Get ready for some more “fookin’ prawns” as a District 9 sequel is officially on the way. Writer-director Neill Blomkamp took to Twitter over the weekend to announce that he was currently penning a script with his wife/original co-writer Terri Tatchell, and original star Sharlto Copley.
Released in 2009, District 9 was a feature film adaptation of Alive in Joburg, a documentary-style short film Blomkamp created in 2006. In District 9, the South African-born Canadian filmmaker used a sci-fi story set in a modern South Africa that has had an alien spaceship hovering over Johannesburg since 1982. The alien inhabitants have settled among the human population, but are treated terribly and discriminated against, especially by the film’s bumbling protagonist Wikus (Copley), a low-level bureaucrat trying to track down an alien named Christopher. Through the story, Blomkamp explored hugely pertinent themes of racism, segregation, and xenophobia. The film was a gigantic success, launching the careers of Blomkamp and Copley. It also earned a massive $210.8 million off just a $30 million budget and was nominated for four Oscars, namely Best Picture, Best Adapted Screenplay, Best Editing, and Best Visual Effects.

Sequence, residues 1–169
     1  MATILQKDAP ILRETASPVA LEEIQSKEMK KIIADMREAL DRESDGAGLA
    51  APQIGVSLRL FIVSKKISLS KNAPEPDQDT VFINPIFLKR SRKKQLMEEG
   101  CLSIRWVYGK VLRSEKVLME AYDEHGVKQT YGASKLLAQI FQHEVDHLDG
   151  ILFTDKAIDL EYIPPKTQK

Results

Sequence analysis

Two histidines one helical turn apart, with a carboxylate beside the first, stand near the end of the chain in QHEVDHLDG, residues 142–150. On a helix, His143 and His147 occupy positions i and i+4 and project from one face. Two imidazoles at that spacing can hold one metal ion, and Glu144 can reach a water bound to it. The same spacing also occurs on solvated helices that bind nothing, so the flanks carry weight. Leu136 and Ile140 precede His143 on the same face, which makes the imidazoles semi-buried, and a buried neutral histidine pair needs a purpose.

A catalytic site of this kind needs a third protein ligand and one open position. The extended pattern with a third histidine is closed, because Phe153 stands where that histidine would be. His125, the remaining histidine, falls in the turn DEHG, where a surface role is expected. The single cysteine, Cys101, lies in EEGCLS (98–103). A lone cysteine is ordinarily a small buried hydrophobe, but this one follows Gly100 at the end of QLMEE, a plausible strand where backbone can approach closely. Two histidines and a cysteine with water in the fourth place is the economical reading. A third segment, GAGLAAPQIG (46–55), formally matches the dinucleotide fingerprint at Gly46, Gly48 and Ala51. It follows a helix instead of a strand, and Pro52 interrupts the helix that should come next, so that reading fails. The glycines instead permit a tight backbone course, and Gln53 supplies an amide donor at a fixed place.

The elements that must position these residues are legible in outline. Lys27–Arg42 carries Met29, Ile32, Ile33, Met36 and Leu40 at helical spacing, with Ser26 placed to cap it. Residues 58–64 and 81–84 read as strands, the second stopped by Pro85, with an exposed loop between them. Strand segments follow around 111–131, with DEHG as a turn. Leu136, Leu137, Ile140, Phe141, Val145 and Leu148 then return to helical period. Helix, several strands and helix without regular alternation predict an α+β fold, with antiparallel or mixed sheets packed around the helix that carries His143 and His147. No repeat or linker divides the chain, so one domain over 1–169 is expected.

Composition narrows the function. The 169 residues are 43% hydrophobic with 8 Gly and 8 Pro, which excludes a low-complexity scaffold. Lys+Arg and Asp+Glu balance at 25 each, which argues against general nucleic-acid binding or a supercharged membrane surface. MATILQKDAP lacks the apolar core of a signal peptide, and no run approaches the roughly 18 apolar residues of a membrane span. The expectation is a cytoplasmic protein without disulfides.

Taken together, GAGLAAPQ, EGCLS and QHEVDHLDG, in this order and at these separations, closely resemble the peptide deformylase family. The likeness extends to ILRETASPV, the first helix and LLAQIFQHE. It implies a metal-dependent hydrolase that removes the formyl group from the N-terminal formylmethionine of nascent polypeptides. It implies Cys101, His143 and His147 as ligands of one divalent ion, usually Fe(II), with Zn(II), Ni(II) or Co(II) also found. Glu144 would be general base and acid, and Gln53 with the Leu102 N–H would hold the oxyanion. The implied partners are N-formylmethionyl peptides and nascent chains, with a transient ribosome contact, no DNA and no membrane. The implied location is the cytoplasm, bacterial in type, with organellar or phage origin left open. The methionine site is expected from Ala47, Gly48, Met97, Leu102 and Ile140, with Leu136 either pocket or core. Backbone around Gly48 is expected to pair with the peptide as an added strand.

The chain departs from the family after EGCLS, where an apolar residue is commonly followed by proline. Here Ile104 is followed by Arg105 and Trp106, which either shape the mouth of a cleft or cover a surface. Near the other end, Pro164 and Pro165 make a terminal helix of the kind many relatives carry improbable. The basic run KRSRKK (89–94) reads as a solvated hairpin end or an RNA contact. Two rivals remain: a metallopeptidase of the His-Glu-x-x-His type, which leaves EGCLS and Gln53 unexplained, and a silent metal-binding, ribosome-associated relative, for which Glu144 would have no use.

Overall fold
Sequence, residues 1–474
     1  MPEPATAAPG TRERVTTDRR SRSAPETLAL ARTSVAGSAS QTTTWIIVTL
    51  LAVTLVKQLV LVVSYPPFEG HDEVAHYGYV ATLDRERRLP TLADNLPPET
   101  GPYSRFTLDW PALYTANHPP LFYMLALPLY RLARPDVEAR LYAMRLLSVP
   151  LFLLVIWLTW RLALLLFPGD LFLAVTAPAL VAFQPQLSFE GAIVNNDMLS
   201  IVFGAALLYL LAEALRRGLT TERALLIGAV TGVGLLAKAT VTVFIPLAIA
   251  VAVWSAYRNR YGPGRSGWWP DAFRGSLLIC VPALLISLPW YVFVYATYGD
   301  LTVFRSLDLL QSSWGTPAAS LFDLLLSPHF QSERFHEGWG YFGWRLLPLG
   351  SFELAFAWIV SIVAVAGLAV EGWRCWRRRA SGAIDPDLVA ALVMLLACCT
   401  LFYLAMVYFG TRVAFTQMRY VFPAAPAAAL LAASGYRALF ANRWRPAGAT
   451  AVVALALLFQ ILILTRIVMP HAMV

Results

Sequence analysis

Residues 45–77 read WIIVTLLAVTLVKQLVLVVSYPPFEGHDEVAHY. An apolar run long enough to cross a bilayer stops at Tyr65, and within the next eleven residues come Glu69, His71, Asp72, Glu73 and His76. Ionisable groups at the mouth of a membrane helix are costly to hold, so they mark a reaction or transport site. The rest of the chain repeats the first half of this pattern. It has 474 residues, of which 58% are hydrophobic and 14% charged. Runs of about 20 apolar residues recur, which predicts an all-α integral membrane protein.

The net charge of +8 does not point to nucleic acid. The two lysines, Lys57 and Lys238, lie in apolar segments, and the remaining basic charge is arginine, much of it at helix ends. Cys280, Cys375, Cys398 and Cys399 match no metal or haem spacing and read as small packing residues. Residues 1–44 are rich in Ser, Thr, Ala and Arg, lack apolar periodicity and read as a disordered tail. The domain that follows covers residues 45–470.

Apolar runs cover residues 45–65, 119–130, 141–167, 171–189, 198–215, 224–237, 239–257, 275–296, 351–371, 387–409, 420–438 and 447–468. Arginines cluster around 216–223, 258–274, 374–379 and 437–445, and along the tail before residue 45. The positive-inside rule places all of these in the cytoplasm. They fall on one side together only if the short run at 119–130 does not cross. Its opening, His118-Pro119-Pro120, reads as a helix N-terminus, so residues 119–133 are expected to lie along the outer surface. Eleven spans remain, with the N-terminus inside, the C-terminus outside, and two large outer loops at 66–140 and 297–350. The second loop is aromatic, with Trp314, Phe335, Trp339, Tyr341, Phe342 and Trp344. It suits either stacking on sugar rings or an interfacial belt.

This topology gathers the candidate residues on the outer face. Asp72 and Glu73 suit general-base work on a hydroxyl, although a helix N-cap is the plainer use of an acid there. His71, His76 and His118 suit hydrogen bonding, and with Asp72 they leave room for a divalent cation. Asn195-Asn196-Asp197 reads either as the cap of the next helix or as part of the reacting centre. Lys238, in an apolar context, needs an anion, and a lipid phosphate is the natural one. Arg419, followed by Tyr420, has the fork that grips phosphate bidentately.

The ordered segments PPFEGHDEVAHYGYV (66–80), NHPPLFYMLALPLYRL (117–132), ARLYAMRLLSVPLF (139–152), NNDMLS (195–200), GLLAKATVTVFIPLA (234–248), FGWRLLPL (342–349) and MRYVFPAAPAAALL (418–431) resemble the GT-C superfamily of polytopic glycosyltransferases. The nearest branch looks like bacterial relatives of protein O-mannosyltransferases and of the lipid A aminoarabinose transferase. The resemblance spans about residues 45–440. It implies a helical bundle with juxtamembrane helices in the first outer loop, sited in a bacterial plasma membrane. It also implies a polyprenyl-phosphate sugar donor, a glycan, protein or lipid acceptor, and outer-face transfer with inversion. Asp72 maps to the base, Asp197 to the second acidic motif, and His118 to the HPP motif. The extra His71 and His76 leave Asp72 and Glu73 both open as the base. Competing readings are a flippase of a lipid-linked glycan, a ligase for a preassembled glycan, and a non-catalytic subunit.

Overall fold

With how the film ended – which I won’t spoil for the two of you who haven’t seen it yet – fans have been clamoring for a follow-up for years. Back in 2017, while doing a Reddit AMA, Blomkamp revealed that he had plans for a sequel titled District 10. However, he indicated that while “I want to go back to that world and tell the rest of the story with Wikus and Christopher,” there had been a few things holding him back.
The issue right now is that I have many other projects and ideas that I also want to work on and complete….. and most importantly, the exact right REASON to make district 10 needs be very clear. The first film was based so explicitly on real themes and topics from South Africa that affected me greatly growing up there, that we need to make sure the next film does not forget that.
Well, it would seem that Blomkamp has found that reason (the current social-political climate in South Africa and the rest of the world certainly would provide substantial creative fodder) as well as a schedule clear enough to finally make District 10 happen. After District 9, the filmmaker’s works have all been severely flawed in place, mostly due to either heavy-handed scripting (Elysium) or terrible characterization (Chappie). He could still direct R-rated sci-fi action that seamlessly blends practical and digital effects better than just about anybody else out there though. Hopefully, with District 10, Blomkamp will find that perfect balance of story and visuals again as he did at the start of his career.
Last Updated: March 2, 2021